Hmm. We're already seeing a rise in power draw, enough to bring water-cooled servers into consideration. Perhaps this sort of thing will accelerate that? I'd hope there's some efforts ongoing to deal with this rather than just keep on increasing the power draw of processors. I think it was around the Pentium MMX time that someone I worked with would respond to customers that their PC would use a similar amount of power to an incandescent light bulb.
    Reply
  • bit_user
    hotaru251 said:
    tbh anything that pushes advancement (and hopefully drip down to consumer) of submersion cooling is all good in my book :|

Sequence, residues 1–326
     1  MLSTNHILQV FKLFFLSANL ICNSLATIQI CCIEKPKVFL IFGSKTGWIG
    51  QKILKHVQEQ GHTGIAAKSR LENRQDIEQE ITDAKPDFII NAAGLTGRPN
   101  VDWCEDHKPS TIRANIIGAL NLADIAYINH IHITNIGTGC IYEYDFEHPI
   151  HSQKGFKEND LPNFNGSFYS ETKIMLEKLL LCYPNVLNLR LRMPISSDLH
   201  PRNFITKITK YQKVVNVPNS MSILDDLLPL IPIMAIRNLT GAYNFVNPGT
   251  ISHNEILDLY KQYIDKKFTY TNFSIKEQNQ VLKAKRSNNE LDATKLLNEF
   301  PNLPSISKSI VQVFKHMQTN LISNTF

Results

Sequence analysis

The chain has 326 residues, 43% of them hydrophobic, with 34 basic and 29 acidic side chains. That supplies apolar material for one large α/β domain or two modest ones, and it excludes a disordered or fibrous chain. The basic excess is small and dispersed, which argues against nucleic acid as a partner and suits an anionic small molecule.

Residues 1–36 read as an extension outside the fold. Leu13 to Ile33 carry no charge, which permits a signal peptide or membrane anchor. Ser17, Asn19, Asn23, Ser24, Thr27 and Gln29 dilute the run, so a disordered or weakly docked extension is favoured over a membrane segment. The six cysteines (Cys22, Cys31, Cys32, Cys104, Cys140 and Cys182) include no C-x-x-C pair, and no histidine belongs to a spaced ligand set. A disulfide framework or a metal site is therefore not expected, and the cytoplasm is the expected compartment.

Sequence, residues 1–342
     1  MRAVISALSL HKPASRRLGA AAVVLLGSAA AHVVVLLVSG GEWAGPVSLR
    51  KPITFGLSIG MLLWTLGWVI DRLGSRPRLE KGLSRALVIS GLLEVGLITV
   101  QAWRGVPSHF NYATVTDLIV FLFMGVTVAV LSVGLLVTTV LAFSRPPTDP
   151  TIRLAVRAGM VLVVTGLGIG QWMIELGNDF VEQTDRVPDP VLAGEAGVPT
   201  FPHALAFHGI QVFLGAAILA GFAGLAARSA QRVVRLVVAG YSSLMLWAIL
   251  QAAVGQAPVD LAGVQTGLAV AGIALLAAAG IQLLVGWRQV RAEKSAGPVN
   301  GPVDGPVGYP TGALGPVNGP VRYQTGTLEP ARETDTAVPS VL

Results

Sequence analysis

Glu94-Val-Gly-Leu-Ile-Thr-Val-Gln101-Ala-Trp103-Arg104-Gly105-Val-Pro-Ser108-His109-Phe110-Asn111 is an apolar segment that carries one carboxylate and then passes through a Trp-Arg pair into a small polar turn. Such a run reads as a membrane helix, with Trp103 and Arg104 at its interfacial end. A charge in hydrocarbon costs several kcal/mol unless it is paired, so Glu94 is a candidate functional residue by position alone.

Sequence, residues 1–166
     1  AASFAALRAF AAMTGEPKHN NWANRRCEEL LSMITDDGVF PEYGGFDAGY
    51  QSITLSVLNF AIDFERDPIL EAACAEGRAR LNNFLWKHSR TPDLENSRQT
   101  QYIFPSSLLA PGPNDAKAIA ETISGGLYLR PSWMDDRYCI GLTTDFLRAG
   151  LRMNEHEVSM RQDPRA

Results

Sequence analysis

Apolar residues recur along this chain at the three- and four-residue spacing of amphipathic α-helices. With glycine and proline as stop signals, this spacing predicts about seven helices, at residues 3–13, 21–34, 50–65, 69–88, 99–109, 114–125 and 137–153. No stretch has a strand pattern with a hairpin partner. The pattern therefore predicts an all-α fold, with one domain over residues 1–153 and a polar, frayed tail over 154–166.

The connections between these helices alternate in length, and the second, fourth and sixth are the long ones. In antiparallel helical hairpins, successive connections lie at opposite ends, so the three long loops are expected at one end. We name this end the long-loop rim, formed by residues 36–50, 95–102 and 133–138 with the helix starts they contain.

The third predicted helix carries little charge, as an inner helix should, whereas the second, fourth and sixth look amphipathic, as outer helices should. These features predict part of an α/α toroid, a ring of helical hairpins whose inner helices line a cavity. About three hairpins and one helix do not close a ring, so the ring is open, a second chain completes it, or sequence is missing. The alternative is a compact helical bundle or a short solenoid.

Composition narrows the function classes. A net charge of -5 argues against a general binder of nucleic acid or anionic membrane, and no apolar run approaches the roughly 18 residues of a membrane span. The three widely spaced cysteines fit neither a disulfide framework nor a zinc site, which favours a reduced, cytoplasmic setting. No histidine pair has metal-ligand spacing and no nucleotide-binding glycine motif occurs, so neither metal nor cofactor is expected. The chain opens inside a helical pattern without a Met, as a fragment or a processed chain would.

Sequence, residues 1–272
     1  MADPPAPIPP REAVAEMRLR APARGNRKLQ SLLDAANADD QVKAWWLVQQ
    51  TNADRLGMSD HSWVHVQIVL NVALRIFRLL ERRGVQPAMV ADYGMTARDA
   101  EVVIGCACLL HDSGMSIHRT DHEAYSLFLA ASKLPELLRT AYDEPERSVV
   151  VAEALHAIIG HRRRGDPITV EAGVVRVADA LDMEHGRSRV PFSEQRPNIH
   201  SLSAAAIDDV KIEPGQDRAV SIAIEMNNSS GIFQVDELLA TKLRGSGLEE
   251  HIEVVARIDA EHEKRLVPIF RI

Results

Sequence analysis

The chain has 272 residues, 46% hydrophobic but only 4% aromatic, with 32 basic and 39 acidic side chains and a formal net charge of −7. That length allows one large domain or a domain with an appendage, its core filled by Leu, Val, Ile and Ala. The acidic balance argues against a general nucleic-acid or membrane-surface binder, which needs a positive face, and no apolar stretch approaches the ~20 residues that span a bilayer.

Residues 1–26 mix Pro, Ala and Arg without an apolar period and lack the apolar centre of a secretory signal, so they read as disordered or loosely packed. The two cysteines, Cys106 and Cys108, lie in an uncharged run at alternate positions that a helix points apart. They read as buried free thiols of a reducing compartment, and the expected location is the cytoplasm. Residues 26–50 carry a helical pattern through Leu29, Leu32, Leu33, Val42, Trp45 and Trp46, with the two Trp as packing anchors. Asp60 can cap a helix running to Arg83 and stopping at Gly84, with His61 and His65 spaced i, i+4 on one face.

Yuck. Submersion cooling is messy and expensive. I'm not interested.

    hotaru251 said:
    its literally the one tech thats been mentioned for decade but hasnt really advanced to market.
    I think it's continuing to make inroads into HPC and some datacenters. That's where it should stay, IMO.
    Reply
  • bit_user
    ingtar33 said:
    wasn't this what vega was about?
    AMD's Fury was the first GPU to use HBM, but it worked by placing the stacks next to the compute die. This is fusing the HBM atop the compute die. That's the key difference.
    Reply
  • bit_user
    alan.campbell99 said:
    Hmm. We're already seeing a rise in power draw, enough to bring water-cooled servers into consideration. Perhaps this sort of thing will accelerate that?
    That's not germane to the issues discussed in the article. They're concerned about how to get heat from the die to the exterior of the package (or, I guess the top of the stack, if you're doing direct-die cooling).